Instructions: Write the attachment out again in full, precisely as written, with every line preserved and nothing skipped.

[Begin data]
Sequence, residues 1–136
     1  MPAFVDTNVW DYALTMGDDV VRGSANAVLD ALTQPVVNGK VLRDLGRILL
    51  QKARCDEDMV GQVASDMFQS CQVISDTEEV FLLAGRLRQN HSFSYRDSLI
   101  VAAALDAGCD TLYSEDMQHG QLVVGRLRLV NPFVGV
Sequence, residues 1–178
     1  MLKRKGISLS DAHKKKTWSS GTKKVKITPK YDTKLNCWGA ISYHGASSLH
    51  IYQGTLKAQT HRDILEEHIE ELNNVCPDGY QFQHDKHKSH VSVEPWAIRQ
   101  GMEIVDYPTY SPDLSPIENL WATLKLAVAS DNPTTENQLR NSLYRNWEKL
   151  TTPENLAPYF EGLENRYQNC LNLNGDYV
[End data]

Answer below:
Sequence, residues 1–136
     1  MPAFVDTNVW DYALTMGDDV VRGSANAVLD ALTQPVVNGK VLRDLGRILL
    51  QKARCDEDMV GQVASDMFQS CQVISDTEEV FLLAGRLRQN HSFSYRDSLI
   101  VAAALDAGCD TLYSEDMQHG QLVVGRLRLV NPFVGV
Sequence, residues 1–178
     1  MLKRKGISLS DAHKKKTWSS GTKKVKITPK YDTKLNCWGA ISYHGASSLH
    51  IYQGTLKAQT HRDILEEHIE ELNNVCPDGY QFQHDKHKSH VSVEPWAIRQ
   101  GMEIVDYPTY SPDLSPIENL WATLKLAVAS DNPTTENQLR NSLYRNWEKL
   151  TTPENLAPYF EGLENRYQNC LNLNGDYV